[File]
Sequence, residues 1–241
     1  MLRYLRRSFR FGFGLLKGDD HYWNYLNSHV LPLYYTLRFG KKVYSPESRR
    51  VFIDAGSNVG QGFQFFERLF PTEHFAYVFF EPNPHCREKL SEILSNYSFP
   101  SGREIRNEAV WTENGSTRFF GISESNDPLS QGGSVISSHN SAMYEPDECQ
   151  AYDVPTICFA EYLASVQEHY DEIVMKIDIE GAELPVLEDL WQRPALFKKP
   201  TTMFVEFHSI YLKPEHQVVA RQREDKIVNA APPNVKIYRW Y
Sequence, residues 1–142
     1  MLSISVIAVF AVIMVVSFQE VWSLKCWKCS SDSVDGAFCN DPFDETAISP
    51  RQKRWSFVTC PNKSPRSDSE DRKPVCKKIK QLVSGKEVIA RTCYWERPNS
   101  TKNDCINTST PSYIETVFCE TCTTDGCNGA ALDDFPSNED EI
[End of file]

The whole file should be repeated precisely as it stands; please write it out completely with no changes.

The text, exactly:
Sequence, residues 1–241
     1  MLRYLRRSFR FGFGLLKGDD HYWNYLNSHV LPLYYTLRFG KKVYSPESRR
    51  VFIDAGSNVG QGFQFFERLF PTEHFAYVFF EPNPHCREKL SEILSNYSFP
   101  SGREIRNEAV WTENGSTRFF GISESNDPLS QGGSVISSHN SAMYEPDECQ
   151  AYDVPTICFA EYLASVQEHY DEIVMKIDIE GAELPVLEDL WQRPALFKKP
   201  TTMFVEFHSI YLKPEHQVVA RQREDKIVNA APPNVKIYRW Y
Sequence, residues 1–142
     1  MLSISVIAVF AVIMVVSFQE VWSLKCWKCS SDSVDGAFCN DPFDETAISP
    51  RQKRWSFVTC PNKSPRSDSE DRKPVCKKIK QLVSGKEVIA RTCYWERPNS
   101  TKNDCINTST PSYIETVFCE TCTTDGCNGA ALDDFPSNED EI